When Chen started his career all the usual corporate suspects wanted him to work for them, investment banks and law firms but none of them could capture his interest the way he wanted. Then he found Car Next Door, joined as their part-time bookkeeper and the rest is history. Now he’s CFO and helping to chart the company’s course and strategy on a day-to-day basis.
The startup is, like most great businesses, simple at its core. It’s peer to peer car renting, if you own a car and have blocked out time where you don’t need it you can list it on Car Next Door to be rented by one of the company’s customers.
It was made with convenience in mind as there’s no need for a rental company to act as a middleman, the renter simply goes to where the car is parked and starts driving. Car Next Door don’t own any of the cars, they capitalise on regular people owning cars who want to make money out of the car when it’s not in use. The company has been active in Australia since 2013 and started in Bondi. It has 200,000 members with 4000 cars available across the nation and Car Next Door is looking to open up across Southern Australia and Northern territories soon.
Mission focus is key to the success of any business. Without a clear goal of what you’re setting out to achieve it can be difficult to attract talent and accelerate growth. For Chen the Car Next Door focus of offsetting carbon emissions was a major plus point. It was a way of reframing how we view cars, rather than one person owning one car, people are now able to share their assets with the car owner making money through rent and the driver not needing to make a full car purchase to make one journey. This approach also means we’re making use of resources for a lot longer, Car Next Door discovered that for every single shared car, seven to eight cars are taken off the road.
That multiplier mentality has since taken root in Chen’s approach to work. Rather than having one employee providing one unit of output, why not give them scope to grow beyond their role, give them the trust to bring everything they are to the table and create multiples of value in output. This approach has helped a lot given that the company is a startup, no-one has time to babysit anyone else and there’s always a need for trust. Showing that trust by letting employees be all that they are rather than stuffing them into a narrow scope of work means that they’re able to get a lot more done.
Some CFOs are focused on tax exposure and finding the optimal way to achieve that. But for a startup or any small business that shouldn’t be the first thing that CFOs look at. Focusing on top line growth is the best thing for your company. First you need to make money before you figure out how to optimise the set up for success and after all that is done then you can look at tax exposure.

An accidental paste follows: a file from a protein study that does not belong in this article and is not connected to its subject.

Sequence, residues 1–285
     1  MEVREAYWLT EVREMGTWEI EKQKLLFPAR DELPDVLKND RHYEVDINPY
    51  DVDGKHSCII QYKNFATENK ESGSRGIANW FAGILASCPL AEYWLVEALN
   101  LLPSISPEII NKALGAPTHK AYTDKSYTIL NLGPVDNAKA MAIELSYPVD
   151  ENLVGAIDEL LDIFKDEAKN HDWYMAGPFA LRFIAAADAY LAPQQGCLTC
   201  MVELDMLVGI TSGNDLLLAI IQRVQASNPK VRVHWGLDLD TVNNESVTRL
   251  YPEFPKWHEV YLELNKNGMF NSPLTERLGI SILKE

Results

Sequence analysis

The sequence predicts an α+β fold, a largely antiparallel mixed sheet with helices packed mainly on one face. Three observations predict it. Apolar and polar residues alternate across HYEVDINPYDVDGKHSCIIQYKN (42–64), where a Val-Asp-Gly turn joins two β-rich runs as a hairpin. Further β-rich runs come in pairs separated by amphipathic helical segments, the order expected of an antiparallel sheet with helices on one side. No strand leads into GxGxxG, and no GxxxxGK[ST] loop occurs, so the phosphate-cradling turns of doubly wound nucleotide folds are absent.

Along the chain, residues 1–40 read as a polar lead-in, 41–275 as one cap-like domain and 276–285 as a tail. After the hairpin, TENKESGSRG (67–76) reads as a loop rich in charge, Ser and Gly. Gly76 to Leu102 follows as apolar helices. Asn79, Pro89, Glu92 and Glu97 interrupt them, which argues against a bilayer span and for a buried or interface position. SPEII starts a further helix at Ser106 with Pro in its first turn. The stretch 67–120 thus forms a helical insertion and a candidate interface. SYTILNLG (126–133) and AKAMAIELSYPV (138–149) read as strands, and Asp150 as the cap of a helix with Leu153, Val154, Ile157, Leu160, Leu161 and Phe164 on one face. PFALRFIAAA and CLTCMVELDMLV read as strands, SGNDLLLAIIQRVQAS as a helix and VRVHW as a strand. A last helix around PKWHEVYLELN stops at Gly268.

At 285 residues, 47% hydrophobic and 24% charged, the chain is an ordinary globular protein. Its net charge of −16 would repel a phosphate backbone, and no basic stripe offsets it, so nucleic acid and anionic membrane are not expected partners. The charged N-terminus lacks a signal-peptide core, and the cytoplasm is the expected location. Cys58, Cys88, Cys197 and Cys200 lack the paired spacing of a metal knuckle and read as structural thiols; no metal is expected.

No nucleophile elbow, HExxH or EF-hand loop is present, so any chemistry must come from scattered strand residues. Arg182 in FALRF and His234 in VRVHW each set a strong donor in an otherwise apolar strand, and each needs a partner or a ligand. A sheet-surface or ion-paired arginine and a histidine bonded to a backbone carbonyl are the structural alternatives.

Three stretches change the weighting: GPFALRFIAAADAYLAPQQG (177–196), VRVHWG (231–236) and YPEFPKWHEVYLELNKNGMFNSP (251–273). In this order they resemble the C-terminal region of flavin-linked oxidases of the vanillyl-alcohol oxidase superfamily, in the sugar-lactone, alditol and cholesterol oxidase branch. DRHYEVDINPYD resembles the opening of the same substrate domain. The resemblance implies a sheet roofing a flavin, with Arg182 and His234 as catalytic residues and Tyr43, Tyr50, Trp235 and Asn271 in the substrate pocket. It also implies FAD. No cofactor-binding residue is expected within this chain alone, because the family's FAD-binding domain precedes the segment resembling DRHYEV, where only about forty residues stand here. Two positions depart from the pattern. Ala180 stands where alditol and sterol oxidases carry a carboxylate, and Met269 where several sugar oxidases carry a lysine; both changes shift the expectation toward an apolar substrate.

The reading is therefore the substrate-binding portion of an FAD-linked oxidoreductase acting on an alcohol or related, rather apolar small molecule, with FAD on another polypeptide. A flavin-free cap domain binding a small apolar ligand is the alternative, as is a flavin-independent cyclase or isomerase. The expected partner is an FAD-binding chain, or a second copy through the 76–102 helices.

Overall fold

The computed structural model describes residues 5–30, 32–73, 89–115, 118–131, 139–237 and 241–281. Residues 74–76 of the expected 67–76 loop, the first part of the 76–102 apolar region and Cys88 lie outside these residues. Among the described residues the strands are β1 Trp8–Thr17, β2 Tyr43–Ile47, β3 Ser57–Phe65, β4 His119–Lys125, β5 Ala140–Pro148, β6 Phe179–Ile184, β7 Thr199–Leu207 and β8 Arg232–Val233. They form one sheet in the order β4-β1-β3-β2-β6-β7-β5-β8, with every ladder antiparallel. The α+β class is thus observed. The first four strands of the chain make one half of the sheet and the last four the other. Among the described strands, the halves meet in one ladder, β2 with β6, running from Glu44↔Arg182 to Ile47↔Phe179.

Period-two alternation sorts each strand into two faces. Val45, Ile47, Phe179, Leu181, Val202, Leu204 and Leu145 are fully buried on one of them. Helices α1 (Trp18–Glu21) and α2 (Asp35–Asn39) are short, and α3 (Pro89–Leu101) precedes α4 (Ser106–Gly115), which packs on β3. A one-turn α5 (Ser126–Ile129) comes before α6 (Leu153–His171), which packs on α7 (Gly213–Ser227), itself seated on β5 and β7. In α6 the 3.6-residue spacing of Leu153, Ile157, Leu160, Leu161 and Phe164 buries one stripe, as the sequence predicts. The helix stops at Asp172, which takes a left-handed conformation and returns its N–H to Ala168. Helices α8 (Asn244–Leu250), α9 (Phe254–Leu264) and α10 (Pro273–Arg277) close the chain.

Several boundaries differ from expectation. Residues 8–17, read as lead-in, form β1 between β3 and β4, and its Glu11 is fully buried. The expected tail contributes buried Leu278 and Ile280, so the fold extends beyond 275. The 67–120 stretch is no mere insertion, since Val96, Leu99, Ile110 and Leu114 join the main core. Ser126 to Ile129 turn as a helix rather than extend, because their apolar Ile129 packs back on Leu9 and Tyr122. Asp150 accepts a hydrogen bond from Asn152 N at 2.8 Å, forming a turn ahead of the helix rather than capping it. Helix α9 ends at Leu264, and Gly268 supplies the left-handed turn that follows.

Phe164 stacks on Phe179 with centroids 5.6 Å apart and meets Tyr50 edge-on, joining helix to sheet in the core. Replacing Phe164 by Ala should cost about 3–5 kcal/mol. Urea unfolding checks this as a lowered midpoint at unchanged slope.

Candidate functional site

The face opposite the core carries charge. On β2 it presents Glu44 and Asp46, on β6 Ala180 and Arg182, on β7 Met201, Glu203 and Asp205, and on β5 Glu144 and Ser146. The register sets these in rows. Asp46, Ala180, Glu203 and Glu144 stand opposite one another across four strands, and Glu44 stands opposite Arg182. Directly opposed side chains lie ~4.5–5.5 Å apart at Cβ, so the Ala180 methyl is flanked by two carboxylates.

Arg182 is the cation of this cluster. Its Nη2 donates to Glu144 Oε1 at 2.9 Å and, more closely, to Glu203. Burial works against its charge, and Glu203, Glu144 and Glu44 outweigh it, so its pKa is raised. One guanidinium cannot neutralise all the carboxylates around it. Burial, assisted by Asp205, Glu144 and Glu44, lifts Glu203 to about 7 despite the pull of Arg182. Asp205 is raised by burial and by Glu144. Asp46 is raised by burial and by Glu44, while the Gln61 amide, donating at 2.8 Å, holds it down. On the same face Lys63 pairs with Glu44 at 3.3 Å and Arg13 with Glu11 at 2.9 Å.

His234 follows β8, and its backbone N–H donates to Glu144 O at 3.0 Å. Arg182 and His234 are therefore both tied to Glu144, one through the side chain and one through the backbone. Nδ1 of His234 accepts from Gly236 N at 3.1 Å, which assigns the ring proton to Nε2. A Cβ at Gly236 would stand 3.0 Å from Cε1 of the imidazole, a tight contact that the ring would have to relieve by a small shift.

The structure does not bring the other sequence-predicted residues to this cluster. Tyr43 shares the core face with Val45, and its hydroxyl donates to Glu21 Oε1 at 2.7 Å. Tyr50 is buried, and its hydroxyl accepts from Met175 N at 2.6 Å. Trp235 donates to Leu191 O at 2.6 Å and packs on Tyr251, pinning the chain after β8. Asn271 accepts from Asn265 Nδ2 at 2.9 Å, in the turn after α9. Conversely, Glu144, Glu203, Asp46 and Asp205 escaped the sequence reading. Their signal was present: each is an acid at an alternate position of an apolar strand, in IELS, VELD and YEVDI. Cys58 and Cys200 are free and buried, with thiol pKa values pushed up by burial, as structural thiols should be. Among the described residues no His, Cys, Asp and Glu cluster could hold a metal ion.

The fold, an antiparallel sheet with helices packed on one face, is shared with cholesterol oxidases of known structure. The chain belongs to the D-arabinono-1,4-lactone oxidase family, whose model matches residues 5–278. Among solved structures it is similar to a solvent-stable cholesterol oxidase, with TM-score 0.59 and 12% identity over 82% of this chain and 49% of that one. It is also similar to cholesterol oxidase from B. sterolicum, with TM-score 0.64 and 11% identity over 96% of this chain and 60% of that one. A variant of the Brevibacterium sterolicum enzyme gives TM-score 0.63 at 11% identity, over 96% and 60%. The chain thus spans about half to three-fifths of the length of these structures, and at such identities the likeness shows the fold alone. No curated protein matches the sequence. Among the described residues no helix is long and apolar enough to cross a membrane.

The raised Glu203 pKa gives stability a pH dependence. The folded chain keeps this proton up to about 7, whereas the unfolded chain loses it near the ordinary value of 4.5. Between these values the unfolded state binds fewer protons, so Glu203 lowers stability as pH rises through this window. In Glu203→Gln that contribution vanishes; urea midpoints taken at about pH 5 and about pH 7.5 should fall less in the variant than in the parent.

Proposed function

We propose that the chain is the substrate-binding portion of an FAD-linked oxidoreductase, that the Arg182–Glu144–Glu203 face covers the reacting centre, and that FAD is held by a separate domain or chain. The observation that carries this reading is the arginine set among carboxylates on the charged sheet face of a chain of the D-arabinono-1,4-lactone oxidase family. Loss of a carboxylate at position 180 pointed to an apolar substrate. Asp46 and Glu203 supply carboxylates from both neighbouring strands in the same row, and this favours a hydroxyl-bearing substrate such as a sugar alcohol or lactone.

Making money, commercialising your product, finding product-market fit, all of these things are more important than any tax issues. Once you’ve done all that and your staff is happy and you have a good enough product for people to be happy to pay for it then you need to market it.
Audiences are part of your company’s growth journey, they’re the ones who are engaged with your company and will want to purchase your product. If you can’t do that then the company will struggle. Figuring out your marketing, and understanding how a single dollar impacts how a customer is onboarded means you can more easily create a strategy for the business as a whole and how marketing can make the business more attractive to customers.
It’s also important to make sure that you’re measuring the right things. For a long time Chen was obsessed with how many borrowers were getting onto the platform. But what really mattered was how many transactions were being made on the platform. Looking at how your users generate money for your business is more important than how many users you have. Optimising your funnel to get users who regularly transact ended up being one of the more important aspects of marketing the business. Getting business information as early as possible and understanding how money is moving is one of the most important aspects of the business.
Pricing was a huge point of fear for Chen. Part of this was because his information was only coming from a dashboard that didn’t measure metrics early on. But also the fear that increasing the price by a dollar would see a loss in customers. This fear was because initially they hadn’t dug into the customer base and figured out what the quantitative and qualitative thresholds were for customers when it came to opting out of the service.
This is why staying in communication with customers is so important and why A/B testing everything is a fundamental business practice. But beyond that look at customer data, what are the trends telling you, if customers are using your service on a daily basis maybe they’ll be happy to pay a little more. There’s no singular way of forecasting business activity, you need to test often and figure out what works for your business.
We’ve barely scratched the surface of our talk with Chen Wang, CFO of Car Next Door, click the link to listen to the full podcast now.